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Getting Oriented: Three Types of Teen Vocational Development Programs


Getting Oriented: Three Types of Teen Vocational Development Programs

          Teen Vocational Development programs and curricula typically fall into three major categories, which sometimes overlap—Job Readiness, Career Exploration, and Career Exposure. If you are considering launching a new teen vocational development initiative, you may want to acquaint yourself with model programs of each type. Which is best for you, your context, and your targeted group of teens? You may discover that a program combining elements of all three types suits best. Or you may decide to design a program that walks sequentially through these types. It is best to have a picture in mind of the overall program you desire to conduct before you select the curriculum and plan the activities.

          The first type of teen vocational development program, emphasizing job readiness, is relevant to all students. (Often, some degree of attention to this topic is included in curricula or programs focused on career exploration and career exposure.)   Job readiness initiatives teach students how to prepare for a job interview or, more generally, how to make a good first impression.  Lessons in this type of program might include: learning an effective handshake, dressing appropriately, speaking clearly, and coming prepared with knowledge of the company.  Job readiness curricula also emphasize the development of basic job skills or good work habits. Teenagers learn the importance of punctuality and productivity, as well as the guiding principles for doing one’s best.  Many of these work-related values are taught in the context of religious principles or ethics.  In some programs, students study sacred texts to discover what principles these offer for work-a-day life. Other programs inculcate these values by bringing in guest speakers to talk autobiographically about how they live out these values in their different work settings. Still others help students to discover these skills and values through hands-on activities or interviews with adults working in a variety of careers.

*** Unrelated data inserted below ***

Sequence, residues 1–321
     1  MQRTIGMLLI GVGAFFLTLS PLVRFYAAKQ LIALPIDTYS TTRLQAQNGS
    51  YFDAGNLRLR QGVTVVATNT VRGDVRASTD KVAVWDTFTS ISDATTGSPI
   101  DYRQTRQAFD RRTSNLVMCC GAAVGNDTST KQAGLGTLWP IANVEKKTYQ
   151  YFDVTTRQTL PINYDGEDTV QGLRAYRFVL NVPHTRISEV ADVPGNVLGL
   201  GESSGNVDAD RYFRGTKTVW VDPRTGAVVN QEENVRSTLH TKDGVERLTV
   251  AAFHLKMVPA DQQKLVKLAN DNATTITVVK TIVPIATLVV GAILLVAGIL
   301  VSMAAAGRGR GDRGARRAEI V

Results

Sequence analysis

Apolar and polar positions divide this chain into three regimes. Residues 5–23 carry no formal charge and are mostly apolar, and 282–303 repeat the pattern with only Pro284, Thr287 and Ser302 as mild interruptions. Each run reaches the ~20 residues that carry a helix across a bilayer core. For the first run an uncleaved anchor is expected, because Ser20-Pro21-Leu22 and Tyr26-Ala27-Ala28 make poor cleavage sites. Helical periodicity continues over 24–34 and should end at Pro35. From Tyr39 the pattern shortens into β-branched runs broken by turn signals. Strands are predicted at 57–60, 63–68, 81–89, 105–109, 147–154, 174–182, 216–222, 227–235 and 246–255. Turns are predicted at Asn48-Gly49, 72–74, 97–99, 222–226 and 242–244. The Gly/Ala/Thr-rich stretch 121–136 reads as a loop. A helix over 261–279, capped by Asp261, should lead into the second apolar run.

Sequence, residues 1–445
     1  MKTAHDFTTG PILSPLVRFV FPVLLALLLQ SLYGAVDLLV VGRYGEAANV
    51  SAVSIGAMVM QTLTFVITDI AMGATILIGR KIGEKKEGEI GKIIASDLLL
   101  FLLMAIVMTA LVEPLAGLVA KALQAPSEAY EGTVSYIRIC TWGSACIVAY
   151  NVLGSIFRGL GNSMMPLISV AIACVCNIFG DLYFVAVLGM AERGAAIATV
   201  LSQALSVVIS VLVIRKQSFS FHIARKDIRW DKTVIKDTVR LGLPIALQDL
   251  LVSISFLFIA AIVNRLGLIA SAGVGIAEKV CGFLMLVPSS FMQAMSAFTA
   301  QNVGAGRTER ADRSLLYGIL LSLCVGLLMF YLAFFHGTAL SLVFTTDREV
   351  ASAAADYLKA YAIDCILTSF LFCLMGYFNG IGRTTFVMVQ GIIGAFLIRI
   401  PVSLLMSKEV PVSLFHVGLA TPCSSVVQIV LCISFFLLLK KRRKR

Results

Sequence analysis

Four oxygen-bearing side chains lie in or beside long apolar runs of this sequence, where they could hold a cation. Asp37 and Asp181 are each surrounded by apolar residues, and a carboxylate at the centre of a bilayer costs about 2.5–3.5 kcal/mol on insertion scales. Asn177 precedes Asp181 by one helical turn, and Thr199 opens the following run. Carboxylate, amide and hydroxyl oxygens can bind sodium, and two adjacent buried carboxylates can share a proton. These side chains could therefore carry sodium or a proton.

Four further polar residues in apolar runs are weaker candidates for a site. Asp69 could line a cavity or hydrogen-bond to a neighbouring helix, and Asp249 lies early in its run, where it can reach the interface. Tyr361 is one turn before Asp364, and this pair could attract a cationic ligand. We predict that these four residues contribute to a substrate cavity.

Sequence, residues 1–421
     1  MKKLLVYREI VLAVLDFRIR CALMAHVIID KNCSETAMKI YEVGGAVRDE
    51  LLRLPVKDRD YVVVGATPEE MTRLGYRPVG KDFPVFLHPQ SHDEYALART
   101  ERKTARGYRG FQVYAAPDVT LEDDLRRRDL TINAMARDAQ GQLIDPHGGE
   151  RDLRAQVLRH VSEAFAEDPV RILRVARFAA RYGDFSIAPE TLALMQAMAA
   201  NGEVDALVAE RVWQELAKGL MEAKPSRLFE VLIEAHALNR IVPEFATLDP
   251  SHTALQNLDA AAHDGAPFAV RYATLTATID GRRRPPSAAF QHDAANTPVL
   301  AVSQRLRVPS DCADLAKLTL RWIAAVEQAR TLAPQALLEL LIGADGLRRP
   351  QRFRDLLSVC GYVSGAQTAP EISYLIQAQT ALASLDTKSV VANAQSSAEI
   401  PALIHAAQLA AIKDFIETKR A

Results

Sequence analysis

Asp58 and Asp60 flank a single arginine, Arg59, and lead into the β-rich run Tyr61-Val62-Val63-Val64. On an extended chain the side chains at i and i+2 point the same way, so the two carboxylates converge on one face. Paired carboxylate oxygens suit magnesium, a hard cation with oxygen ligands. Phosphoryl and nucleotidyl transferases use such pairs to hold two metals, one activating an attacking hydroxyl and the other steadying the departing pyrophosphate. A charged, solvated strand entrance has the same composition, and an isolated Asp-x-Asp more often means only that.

The second type of program is career exploration. In this type of initiative, students are guided through activities and lessons that help them to identify their unique gifts and discover the career(s) that is best for them.  These programs rely heavily on published curricula. These curricula usually provide questionnaires, assessments, and lengthy descriptions of various types of personalities and career choices.  The two curriculum reviews in this toolkit, of the Career Direct: YES! Program and the Pathfinders curriculum, describe these career exploration initiatives in detail.

            The third type of teen vocational development programs emphasizes career exposure. This approach focuses more on a hands-on learning experience than on classroom study.  Visits to job sites are the main activities. These vary in length and depth. The most basic level is a field trip to a work location.  Requiring more preparation is the “job shadowing” program in which a student is matched with a career person in a field of the student’s interest.  The student spends a full day (or more) on the job site, observing the daily tasks and skills required of that particular job.  Career exposure programs may also include short-term internships or work-study programs, in which the students not only observe a career field, but also engage in the work itself. 

          Regardless of what approach you choose, it will be helpful for you to be able to articulate the benefits of implementing a teen vocational development program. A number of studies have been conducted on this topic, with most finding that teens who participate in work-based learning programs often increase their school attendance, decrease in the number of suspensions, and grow in their level of engagement in school. As to work to persuade funders and others to support your new program, consider sharing with them about such benefits. You can learn more about this by reading another article in this toolkit, Benefits of Work-based Learning Programs.

Related Articles
Teen Vocational Development Toolkit

Curriculum Review of Pathfinder: Exploring Career and Educational Paths

Related Books
Career Direct YES! (Youth Exploration Survey)

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